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Targeting procoagulant platelets in cardiovascular disease

ANZAC Research Institute

  • Early-Mid Career Fellowship
Organ System:
  • Cardiovascular
Date Funded:
  • 31 May, 2018
Chief Investigator/s:
  • Dr. Hai Po Helena Liang

Blood clots blocking the blood supply to the heart and the brain, known as arterial thrombosis, cause heart attack and stroke – the leading cause of death and disability in the Australia. Platelets are the cells that form these blood clot, thus drugs targeting platelets such as aspirin are the mainstay of heart attack and stroke prevention. Yet current treatment has limited effectiveness with optimal therapy – up to 30 per cent of patients will have a recurrent event within three years, and more effective therapies often lead to bleeding side effects.

Our work has identified a particular sub-set of platelets within people with cardiovascular disease that increase blood clots, but are not turned-off by aspirin. These are called procoagulant platelets. Measurement of procoagulant platelets in patients has initially been very difficult due to the lack of sensitive and specific tests. We have recently developed a way to measure procoagulant platelets in people at risk of heart attack and stroke, and have shown that more procoagulant platelets are indeed formed during stroke and heart attacks. It is therefore this sub-set of platelets in people with cardiovascular disease that we would like to target more specifically when designing new drugs, in order to increase the beneficial effect and at the same time reduce the bleeding side effect when treating patients.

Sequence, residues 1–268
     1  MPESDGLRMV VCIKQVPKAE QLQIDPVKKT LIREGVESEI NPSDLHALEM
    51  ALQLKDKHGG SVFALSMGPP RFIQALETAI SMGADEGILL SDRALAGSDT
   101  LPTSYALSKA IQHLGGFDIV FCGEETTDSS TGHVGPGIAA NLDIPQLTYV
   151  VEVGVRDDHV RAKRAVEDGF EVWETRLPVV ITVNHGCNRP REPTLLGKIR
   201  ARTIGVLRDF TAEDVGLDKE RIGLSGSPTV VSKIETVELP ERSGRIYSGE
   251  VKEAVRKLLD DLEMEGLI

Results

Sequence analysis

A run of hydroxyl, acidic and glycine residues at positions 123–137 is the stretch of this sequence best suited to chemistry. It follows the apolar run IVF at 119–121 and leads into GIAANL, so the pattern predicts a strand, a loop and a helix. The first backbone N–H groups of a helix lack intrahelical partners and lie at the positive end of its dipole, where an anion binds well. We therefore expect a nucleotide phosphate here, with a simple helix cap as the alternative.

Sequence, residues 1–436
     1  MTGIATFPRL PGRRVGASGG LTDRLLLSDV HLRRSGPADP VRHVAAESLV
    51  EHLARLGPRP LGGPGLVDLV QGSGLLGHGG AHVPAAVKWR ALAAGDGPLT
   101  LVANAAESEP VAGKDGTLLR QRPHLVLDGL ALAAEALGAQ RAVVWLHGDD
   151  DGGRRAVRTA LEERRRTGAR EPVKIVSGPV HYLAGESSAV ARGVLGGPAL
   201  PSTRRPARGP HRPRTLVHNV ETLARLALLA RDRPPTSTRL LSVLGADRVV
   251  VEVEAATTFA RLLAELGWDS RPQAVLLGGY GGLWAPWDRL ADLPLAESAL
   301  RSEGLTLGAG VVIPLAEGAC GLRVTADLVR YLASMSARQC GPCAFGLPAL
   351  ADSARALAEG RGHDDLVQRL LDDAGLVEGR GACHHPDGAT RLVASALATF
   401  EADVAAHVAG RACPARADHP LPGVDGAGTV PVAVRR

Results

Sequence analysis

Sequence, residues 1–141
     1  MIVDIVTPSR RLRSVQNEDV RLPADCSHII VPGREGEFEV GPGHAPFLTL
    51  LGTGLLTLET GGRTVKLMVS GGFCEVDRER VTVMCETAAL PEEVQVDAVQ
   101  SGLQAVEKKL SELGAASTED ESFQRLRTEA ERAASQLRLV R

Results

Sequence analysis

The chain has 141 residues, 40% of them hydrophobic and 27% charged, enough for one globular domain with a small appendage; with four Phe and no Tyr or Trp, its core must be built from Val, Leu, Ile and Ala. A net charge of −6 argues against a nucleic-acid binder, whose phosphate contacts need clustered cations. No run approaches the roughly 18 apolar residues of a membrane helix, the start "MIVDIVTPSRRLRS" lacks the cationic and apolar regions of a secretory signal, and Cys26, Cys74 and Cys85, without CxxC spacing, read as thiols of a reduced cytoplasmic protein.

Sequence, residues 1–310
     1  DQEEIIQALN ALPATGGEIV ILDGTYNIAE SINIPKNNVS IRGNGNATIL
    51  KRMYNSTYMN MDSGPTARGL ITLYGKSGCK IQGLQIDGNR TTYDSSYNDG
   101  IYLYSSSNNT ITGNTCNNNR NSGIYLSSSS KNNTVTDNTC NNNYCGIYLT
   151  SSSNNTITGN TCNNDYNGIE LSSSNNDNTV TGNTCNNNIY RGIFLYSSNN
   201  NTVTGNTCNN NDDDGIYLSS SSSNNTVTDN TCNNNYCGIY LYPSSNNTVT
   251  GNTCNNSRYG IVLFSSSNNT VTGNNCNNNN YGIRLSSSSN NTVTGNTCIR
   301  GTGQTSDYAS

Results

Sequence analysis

Interestingly, a simple non-invasive process called remote ischaemic preconditioning (RIPC), which is performed by inflating and deflating a blood pressure cuff three times, was able to reduce procoagulant platelets in people with heart disease when aspirin and other anti-platelet drugs could not. Others have previously shown that RIPC can protect the heart muscle and brain from damage during heart attack and stroke, but the mechanism by which it does this is unknown.

My studies indicate that RIPC affects procoagulant platelets by affecting the platelet mitochondria. Mitochondria are organelles inside the platelet that converts glucose to energy. My project investigates the link between procoagulant platelets, platelet mitochondrial function and cardiovascular disease. In addition to providing the rationale for RIPC, these studies aim to identify platelet mitochondrial pathways as a novel target for cardiovascular disease that will work in addition to existing cardiovascular drugs without causing bleeding. Ultimately, our work would be able to provide more tailored therapies for patients, reduce our patients’ waiting time, pain and risk of receiving treatments, improve their disease outcome, and reduce medical cost for the NSW health system.